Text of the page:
Justice Society of America #1


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Justice Society of America #1


  • Words: Geoff Johns
  • Art: Dale Eaglesham
  • Inks: Art Thibert
  • Colors: Jeremy Cox
  • Story Title: The Next Age: Chapter 1
  • Publisher: DC Comics
  • Price: $3.99
  • Release Date: Dec 6, 2006

The original super-team returns to action with a massive recruitment drive. But who is targeting these heroes for death?

In the wake of Infinite Crisis, the Justice Society has been redefined with a new role in the DC Universe—to serve as the guides and moral compass for the rapidly swelling ranks of heroes and metahumans appearing in the world. To this end, they begin to expand their membership and trace the bloodlines of old friends and allies. Enter the new kids, from the bubbly and brilliant misfit Maxine Hunkel to the bitter and battle-scarred Damage to the odd and perhaps slightly deranged new Starman. Yet even as the JSA looks to the future, someone is out to ensure they never have one. First on their list—former FBI agent turned super-patriot Mr. America. What price must be paid for following a hero’s legacy?

Geoff Johns returns to the series that made him a star without missing a beat. His love for and knowledgeable grasp of this team is evident and he manages to weave plenty of great characterization into the issue as a result. Through little surprising moments, he shows what a strong and quirky cast this series has. Hourman and Liberty Belle cavort as a sickeningly cute couple. Starman is both absurd and somehow affecting. And if you haven’t fallen in love with Maxine by issue’s end, you may have a cold heart indeed. Understandably, much of the focus is on the new characters, though the framing sequence with the old guard offers each character’s unique perspective as well. Wildcat’s resistance to the recruitment feels a little forced at times for story convenience, but it’s hard not to like the ol’ curmudgeon. Backing up these character beats is a solid plot rife with mysteries to keep the reader coming back. Johns is nothing if not a tease and here his playful hints and intriguing setups are in full force. The story also drops an unexpected bombshell that should have interesting implications for one of the longtime members.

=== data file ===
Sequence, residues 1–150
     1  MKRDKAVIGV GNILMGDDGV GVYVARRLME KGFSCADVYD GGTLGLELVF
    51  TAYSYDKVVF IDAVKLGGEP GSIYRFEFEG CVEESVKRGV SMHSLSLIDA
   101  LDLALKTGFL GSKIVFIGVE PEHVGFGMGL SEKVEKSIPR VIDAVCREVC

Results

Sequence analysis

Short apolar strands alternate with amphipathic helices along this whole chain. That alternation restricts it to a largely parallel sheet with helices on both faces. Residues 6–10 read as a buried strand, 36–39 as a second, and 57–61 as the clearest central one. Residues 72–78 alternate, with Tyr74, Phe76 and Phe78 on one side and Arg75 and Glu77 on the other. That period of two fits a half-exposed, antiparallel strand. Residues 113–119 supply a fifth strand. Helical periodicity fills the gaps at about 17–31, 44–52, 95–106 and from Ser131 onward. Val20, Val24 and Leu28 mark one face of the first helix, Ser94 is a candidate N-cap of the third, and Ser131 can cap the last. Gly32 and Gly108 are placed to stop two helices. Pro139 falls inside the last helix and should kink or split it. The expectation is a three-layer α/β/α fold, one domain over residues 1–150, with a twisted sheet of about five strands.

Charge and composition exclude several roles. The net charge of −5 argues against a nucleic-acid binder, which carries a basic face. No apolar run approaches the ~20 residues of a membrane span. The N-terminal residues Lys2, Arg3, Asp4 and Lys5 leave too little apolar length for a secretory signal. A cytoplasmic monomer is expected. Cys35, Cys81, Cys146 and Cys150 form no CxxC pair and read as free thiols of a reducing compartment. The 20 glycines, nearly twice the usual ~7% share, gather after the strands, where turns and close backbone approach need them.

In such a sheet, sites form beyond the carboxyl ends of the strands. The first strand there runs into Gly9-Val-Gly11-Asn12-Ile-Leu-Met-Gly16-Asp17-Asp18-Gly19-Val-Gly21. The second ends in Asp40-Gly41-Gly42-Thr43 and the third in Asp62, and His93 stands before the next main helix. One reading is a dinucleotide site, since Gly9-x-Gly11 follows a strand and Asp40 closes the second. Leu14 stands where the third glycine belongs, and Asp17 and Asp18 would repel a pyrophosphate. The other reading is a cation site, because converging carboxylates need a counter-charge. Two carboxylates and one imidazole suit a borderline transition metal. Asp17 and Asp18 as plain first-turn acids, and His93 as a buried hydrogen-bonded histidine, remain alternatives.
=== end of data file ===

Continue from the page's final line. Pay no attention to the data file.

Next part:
Penciller Dale Eaglesham does an impressive job with his first stab at this group. Johns has said that Eaglesham brings emotion to the series and I can believe it. Through posture, body language, and facial expression (both subtle and overt), Eaglesham’s art seems to make the characters come alive. He also seems to have an eye for dynamic action sequences, be it violence or graceful motion. Jeremy Cox provides the bright shiny colors that a hero book should have, as well as a number of after-effects that lend a striking glow to many of the images.

While I still question whether a re-launch was really necessary, this first issue is a promising beginning that will most likely please both old fans and new.

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